Monday, April 1, 2013

Dearest family and friends,

I hope that you all had a great week and were able to take the time to think and remember the miracle of the Resurrection. The singular act that gives hope to humankind. To know with a certainty that we will live again, death is not the end. A hope that the happenings of this life have meaning. The assurity that all who have born, who have lived on this earth, will indeed live once more. 

The soul shall be restored to the body, and the body to the soul; yea, and every limb and joint shall be restored to its body; yea, even a hair of the head shall not be lost; but all things shall be restored to their proper and perfect frame.
Alma 40:23

And this life that we wait and hope for will last the eternity. No more sickness, no more physical pain. A perfect body. And this for all men regardless.

I also wanted to share a thought or two from the past couple weeks. If everything goes well I am going to attach a photo of a couple of young men that I have gotten to know here. The one to the far right is named Gabriel. I want to share something that I learned from him.

You may have heard of a sort of real life game that some people play on ebay (or perhaps now more often craigslist or similar sites). The general principle is to start with a certain object and 'trade up' until you reach another. For example, start with a phone and end up with a car. While it seems a little unusual and perhaps impossible, it is doable. 

In the photo, behind the young men is a large sound setup. It is made up of several speakers, sound boxes, a mixer, and a bunch of other things that I honestly do not know what they are called. All of this equipment was aquired by trades. Here in this part of Mexico tiangis are very common and popular. It is a street market that lasts one day (from the morning until it gets hot). In the larger ones you can find all kinds of things, just about anything you could imagine. It is the best place to buy fruits and vegetables and honestly most of the things you could need. It is also the best place to do any kind of trading.

Gabriel told us about his experience slowly aquiring all of the equipment, piece by piece. He started out with an old junky car stereo and a broken TV. And so the adventure began. He would go to the tiangis and go in search of people willing to make trades. He would change the stereo for a phone, and later the phone for something different. Occasionally the trades would get more interesting, throwing in several articles or even cash. But the trick, and the way it works, is always, always knowing exactly what each thing is worth. For Gabriel, it did not matter if the thing he got had any additional worth to him, what mattered is what it valued in cash or in comparison to the rest. Each trade he made, he worked his way up in value. One trade, for example, he gave a phone with television that had the screen half broken to an older man who spent much of his time waiting around for clients. In return he received several speakers and cash. To the man, the phone valued more because of its use, but in the transaction Gabriel said he gained nearly 100 dollars in value.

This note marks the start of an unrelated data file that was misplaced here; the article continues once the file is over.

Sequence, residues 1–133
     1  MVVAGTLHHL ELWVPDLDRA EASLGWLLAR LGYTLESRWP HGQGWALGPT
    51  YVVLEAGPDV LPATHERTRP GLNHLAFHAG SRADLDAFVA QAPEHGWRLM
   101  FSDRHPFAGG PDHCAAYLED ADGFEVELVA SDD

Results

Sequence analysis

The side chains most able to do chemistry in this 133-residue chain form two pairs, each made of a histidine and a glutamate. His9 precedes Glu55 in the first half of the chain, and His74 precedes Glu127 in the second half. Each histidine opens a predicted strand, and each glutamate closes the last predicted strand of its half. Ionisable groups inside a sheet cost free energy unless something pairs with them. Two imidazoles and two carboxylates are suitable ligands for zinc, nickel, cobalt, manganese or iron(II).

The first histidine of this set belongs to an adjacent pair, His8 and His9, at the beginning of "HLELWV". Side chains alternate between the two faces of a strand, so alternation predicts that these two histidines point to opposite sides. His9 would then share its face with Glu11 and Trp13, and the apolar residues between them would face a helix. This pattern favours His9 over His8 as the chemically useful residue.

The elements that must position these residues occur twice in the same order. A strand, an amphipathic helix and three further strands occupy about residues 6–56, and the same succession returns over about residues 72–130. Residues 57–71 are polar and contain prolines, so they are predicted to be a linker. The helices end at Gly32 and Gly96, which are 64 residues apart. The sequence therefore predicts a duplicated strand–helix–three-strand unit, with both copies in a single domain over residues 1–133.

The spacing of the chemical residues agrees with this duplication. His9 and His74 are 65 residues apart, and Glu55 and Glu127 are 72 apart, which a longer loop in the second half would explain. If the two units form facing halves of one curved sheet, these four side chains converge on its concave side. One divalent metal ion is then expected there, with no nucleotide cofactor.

And so that is the process, making many trades and being very sharp so as to always progress in value. What started as a couple of broken and junky electronics, turned into a sound system that is easily worth $1,500 (and that is American dollars :) ). Not only that, but he now takes his system and rents it out at parties and earns money independently.

Gabriel turned 16 a couple months ago. He has learned, and has taught me, a crucial life principal. True value.

In the interactions of our daily lives we likewise make many trades and bargains. Occasionally we might trade our personal integrity for a better grade, for praise from a supervisor, or to please a friend or family members. Thinking in the moment (or perhaps in reality not thinking at all) that those small things are worth more that our personal integrity. But what is it we are trading? What is the true value of integrity?

In the system of the tiangis, when the trade is made, there is no going back. At the end of the day everything disappears, the tents go down, the vendors return to where they came from, and you can be almost sure that you will not find things the same again. No tradebacks.

And so it is with our integrity. When then trade is made, when we lose the confidence of our friends and family, the process to regain it is long and difficult. 

And so it is so important that before entering the market, before the moment arrives, we take the time to consider exactly what is the value of the things we posses. Personal Integrity, friendships, obedience, our virtue (surely the list goes on). What are we willing to trade? What is the true value of that which we are receiving?

Thought I would share that thought with you. I hope you are all doing great. The weather is really starting to heat up and it is time to make sure we are drinking plenty of liquids. Hope you all have a great week. Still love hearing from you any chance you get to write me.

With love,
Elder Brighton


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